Amazon Prime Video Harlem is clever, funny, a little bit inappropriate, and totally enjoyable. Check out the details in my parents guide review.
Amazon Prime Video‘s Harlem dropped on the streaming service this weekend. The series has a very Sex In The City meets HBO’s Insecure vibe and centers around four black women navigating through their friendships and relationships in New York. The ten-episode series stars Meagan Good, Jerrie Johnson, and even the legendary Whoopie Goldberg. Harlem is funny, clever, and inappropriate, but is it safe for kids and teens to watch? Check out the details in my parents guide review.
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Amazon Prime Video Harlem Parents Guide
A group of four friends follow their dreams after graduating from college together.
Amazon Prime Video Harlem Age Appropriate Parents Guide
Let’s take a look at what parents need to know before letting their kids watch Amazon Prime Video Harlem.
Language: Amazon Prime Video’s Harlem contains very strong language, with profanity used throughout. Lookout words include: f*ck, b*tch, sh*t, a**h*le, p*&&y, d*ck, t*tty, and the n-word.
Sexual Content/Nudity: The series contains many sex scenes, including intercourse, oral sex, thrusting, and nudity. Nude scenes include bare breasts and backsides.
Mature Content: The show contains adult themes centered around relationships; including friendships and love interests. There are conversations that discuss racism, being queer, and more. Characters are shown consuming alcohol.
Amazon Prime Video’s Harlem is created by Tracy Oliver, who co-wrote popular films like Girls Trip, Little, and Barbershop: The Next Cut. Audiences can immediately recognize Oliver’s hand in this new comedy series, which is funny, clever, inclusive, and stylish. The series consists of 10-episodes, with each episode running around 30 minutes long, and it’s relatable and fun. The series starts off a bit unsteady. The first episode was a bit of a struggle to get through, but once viewers cross the hurdle and become invested in the four main characters, there is no turning back.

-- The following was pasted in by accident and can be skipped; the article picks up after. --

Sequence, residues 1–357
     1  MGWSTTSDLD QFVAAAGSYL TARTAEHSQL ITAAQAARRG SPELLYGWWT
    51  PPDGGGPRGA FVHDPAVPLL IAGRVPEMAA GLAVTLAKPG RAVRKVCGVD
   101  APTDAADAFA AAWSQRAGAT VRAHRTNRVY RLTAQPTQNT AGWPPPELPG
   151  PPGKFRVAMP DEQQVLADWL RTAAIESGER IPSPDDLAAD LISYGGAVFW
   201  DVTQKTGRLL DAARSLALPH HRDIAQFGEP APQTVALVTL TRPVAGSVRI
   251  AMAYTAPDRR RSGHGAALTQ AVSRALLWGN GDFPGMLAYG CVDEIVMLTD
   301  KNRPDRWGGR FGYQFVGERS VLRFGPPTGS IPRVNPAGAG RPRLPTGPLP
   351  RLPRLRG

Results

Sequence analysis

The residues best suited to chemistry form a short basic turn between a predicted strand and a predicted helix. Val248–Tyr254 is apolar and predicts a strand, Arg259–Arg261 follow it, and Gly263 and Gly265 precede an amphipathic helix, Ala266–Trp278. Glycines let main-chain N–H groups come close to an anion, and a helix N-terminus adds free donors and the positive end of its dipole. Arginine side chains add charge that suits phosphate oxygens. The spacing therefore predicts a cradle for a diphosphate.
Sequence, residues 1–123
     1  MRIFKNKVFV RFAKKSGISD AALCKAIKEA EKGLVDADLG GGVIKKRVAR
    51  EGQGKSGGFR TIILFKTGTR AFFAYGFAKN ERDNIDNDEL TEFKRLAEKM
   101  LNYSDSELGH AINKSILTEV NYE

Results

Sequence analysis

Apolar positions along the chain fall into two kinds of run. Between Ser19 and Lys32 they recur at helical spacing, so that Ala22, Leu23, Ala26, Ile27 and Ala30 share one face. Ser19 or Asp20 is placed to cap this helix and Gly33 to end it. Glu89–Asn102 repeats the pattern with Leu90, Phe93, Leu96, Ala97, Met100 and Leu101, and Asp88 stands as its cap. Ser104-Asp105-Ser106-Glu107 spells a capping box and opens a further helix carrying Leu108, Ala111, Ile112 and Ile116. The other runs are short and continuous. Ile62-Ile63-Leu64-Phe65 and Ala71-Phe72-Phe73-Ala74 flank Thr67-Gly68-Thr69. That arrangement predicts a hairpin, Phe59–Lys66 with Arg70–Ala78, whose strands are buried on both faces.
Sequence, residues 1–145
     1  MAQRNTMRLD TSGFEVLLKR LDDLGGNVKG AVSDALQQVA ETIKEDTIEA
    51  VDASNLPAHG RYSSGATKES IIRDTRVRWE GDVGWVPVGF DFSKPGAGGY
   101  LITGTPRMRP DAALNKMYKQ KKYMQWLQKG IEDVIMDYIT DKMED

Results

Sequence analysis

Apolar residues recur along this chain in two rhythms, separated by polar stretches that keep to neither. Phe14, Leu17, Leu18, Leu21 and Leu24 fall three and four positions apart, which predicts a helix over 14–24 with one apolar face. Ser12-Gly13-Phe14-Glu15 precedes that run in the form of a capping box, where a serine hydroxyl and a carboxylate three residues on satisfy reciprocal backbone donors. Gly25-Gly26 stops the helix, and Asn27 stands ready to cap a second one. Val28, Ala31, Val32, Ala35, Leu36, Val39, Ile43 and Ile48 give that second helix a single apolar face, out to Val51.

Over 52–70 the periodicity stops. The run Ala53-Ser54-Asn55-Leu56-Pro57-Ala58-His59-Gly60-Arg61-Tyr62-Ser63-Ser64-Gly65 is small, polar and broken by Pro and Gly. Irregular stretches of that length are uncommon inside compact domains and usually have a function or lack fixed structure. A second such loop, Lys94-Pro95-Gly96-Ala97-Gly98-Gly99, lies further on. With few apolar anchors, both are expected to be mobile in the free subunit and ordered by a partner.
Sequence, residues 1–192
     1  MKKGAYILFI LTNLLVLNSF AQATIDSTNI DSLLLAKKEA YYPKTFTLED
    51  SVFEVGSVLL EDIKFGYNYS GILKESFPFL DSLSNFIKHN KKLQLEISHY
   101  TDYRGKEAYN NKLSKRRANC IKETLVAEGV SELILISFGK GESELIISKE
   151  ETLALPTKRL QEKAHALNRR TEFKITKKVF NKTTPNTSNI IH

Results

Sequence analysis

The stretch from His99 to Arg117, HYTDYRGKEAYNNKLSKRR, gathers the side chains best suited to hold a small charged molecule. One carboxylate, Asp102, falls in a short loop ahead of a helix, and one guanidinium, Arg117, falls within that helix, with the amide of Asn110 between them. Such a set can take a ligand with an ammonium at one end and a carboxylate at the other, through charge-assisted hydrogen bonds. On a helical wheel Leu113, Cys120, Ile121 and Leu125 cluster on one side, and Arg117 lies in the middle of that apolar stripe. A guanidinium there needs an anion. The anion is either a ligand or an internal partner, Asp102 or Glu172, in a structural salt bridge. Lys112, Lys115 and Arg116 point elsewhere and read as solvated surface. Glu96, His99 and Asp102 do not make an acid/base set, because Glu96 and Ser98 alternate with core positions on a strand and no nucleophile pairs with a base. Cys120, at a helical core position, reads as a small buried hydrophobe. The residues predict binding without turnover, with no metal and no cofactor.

The four core characters consist of four women of color and range from successful, career-driven women to a failing artist who fakes a Jamaican accent to score a job as a nanny. The series is funny yet poignant as it touches on racism and the medical community, when a character requires emergency surgery after a doctor dismisses her pain, concluding she was there to “score” drugs. While Harlem touches on these sensitive topics, at its core, the series really delves into relationships, both friendship and romantic ones. The series is not only inclusive regarding race but also sexual preferences, as one of the main characters is queer and has created an app, sort of like Match.com or Tinder, that is designed for the LGBTQ+ community, but with a twist: it is for only people of color.
While Harlem may remind viewers of shows they have seen before, think Sex in the City, it delivers a fresh take on these old themes. It doesn’t just take a que from other popular shows of the type by making it more inclusive though, it actually refreshingly updates standards to the modern day of what is and should be acceptable in current society. Despite some of the subject matter which may be off limits for children of a certain age,it is a worthy series deserving of the time for adolescents and adults.